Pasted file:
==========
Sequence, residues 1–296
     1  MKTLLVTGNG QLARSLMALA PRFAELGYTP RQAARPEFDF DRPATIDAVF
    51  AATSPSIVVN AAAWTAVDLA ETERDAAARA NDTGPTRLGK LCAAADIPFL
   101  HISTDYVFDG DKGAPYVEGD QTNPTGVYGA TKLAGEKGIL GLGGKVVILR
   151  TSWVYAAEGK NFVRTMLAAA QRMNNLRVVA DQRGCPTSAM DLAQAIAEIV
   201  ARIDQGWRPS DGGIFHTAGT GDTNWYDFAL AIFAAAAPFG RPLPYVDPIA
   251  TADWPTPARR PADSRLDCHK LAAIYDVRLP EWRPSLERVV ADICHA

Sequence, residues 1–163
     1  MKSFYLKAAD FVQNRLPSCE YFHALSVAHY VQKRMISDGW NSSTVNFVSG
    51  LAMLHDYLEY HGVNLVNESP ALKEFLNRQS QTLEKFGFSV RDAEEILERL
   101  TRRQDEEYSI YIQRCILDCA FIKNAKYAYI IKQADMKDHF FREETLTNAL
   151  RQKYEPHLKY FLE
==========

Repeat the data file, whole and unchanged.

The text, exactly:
Sequence, residues 1–296
     1  MKTLLVTGNG QLARSLMALA PRFAELGYTP RQAARPEFDF DRPATIDAVF
    51  AATSPSIVVN AAAWTAVDLA ETERDAAARA NDTGPTRLGK LCAAADIPFL
   101  HISTDYVFDG DKGAPYVEGD QTNPTGVYGA TKLAGEKGIL GLGGKVVILR
   151  TSWVYAAEGK NFVRTMLAAA QRMNNLRVVA DQRGCPTSAM DLAQAIAEIV
   201  ARIDQGWRPS DGGIFHTAGT GDTNWYDFAL AIFAAAAPFG RPLPYVDPIA
   251  TADWPTPARR PADSRLDCHK LAAIYDVRLP EWRPSLERVV ADICHA

Sequence, residues 1–163
     1  MKSFYLKAAD FVQNRLPSCE YFHALSVAHY VQKRMISDGW NSSTVNFVSG
    51  LAMLHDYLEY HGVNLVNESP ALKEFLNRQS QTLEKFGFSV RDAEEILERL
   101  TRRQDEEYSI YIQRCILDCA FIKNAKYAYI IKQADMKDHF FREETLTNAL
   151  RQKYEPHLKY FLE